Well, have they? Will a new denomination make us more vital? In a culture where the church is increasingly pushed to the margins, is replicating denominational power structures, keeping control of buildings, and maintaining hierarchical systems going to matter? Taking all the rancorous issues off the table, we’re still fighting over a church system that has failed and is no longer sustainable. At the current rate of decline, as Adam Hamilton said at General Conference in 2012, the denomination will be virtually extinct in 30 years anyway. We don’t need another denominational system; we need to consider ourselves as living in a ecclesiastical world that has a lot more in common with the first century than the twenty-first. We’re fighting over power that we no longer have in Western society and a desperate world merely yawns over our wrangling. If we’re going to be more “holy” and “prosper,” we have to think and act in new ways that reflect the apostolic witness and a passion for reaching the lost and not merely replicate the church divisions of the past. The mission field has never been whiter for harvest than it is right now in our country. We don’t need things to be “our way” in the denomination in order for us to head to the field!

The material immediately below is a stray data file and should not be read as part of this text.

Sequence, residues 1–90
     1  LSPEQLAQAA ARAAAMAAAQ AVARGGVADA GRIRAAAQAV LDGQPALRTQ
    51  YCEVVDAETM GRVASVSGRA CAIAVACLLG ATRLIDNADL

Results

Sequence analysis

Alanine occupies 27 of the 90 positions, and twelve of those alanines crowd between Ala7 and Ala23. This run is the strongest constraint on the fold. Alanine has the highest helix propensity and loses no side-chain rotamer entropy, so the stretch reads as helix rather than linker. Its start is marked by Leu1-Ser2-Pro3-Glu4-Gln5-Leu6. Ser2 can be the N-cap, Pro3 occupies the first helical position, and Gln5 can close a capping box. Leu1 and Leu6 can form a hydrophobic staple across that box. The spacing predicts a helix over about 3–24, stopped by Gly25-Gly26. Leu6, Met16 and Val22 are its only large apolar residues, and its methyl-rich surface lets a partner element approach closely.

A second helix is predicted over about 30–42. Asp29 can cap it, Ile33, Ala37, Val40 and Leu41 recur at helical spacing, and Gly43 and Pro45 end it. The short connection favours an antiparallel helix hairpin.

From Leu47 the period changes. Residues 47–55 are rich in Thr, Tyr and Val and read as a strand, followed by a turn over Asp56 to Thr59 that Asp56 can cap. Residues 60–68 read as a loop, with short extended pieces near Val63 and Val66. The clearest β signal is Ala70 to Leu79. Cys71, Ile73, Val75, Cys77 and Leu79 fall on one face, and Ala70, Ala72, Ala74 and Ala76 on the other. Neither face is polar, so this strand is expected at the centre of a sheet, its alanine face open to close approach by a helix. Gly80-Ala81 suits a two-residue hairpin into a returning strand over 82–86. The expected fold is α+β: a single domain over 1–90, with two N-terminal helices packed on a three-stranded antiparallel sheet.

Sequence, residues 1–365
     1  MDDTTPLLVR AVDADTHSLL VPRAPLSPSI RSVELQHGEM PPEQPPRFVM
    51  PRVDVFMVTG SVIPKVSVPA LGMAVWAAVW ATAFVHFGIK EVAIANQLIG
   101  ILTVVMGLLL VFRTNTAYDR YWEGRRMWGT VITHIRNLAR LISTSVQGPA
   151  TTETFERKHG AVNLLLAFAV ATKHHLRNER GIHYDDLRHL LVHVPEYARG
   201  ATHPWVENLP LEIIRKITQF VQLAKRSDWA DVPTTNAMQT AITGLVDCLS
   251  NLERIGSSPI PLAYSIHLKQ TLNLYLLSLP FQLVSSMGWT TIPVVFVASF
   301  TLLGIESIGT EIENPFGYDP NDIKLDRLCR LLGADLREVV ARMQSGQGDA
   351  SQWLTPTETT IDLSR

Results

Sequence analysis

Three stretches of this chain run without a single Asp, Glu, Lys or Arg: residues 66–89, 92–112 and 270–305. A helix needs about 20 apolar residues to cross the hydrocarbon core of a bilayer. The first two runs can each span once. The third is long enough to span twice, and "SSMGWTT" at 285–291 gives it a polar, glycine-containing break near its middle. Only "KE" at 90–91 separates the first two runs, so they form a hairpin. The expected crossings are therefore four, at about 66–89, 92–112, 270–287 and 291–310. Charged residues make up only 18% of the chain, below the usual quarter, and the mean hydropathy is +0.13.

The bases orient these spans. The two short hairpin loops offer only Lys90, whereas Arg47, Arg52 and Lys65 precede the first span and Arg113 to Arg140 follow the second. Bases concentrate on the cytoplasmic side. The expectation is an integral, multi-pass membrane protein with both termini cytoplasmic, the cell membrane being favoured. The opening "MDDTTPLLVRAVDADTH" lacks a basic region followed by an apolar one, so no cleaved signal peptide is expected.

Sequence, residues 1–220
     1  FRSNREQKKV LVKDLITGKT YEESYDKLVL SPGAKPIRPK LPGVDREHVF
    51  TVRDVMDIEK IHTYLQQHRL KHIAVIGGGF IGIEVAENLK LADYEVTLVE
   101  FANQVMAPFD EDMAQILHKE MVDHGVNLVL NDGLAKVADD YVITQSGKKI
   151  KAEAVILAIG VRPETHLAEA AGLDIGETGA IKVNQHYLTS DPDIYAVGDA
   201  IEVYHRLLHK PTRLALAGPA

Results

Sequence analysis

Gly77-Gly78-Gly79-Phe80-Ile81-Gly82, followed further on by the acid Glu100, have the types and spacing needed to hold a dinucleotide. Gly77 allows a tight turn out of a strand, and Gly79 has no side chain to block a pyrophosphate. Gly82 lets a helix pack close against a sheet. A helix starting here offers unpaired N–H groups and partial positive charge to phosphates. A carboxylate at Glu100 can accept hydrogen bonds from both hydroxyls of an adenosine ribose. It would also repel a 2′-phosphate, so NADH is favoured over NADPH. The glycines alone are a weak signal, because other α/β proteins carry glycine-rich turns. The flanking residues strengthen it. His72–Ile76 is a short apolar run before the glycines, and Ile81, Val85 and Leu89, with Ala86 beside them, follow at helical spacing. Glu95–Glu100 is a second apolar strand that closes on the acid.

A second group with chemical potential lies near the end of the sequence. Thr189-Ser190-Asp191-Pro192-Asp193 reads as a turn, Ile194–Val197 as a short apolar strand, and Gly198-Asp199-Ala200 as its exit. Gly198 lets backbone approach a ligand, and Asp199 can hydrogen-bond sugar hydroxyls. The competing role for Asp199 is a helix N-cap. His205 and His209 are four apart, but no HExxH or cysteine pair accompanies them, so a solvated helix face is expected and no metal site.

12. BECAUSE by such a Separation we should not only throw away the peculiar Glorying which GOD has given us, That we do and will suffer all Things for our Brethren’s Sake, tho’ the more we love them, the less we be loved: But should act in direct Contradiction to that very End, for which we believe GOD hath raised us up. The chief Design of his Providence in sending us out, is undoubtedly, To quicken our Brethren. And the first Message of all our Preachers is, to the lost Sheep of the Church of England. Now would it not be a flat Contradiction to this Design, To Separate from the Church? [5/6] These Things being considered, we cannot apprehend, whether it be lawful in itself or no, that it is lawful for us: were it only on this Ground, That it is by no means expedient.